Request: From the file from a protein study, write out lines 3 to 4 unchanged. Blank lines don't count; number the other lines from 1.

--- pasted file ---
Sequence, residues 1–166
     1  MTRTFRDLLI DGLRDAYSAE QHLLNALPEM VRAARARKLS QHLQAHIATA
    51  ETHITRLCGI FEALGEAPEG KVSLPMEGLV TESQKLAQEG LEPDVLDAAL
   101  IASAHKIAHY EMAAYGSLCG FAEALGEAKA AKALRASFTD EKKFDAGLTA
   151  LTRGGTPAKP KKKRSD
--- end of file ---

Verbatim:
    51  ETHITRLCGI FEALGEAPEG KVSLPMEGLV TESQKLAQEG LEPDVLDAAL
   101  IASAHKIAHY EMAAYGSLCG FAEALGEAKA AKALRASFTD EKKFDAGLTA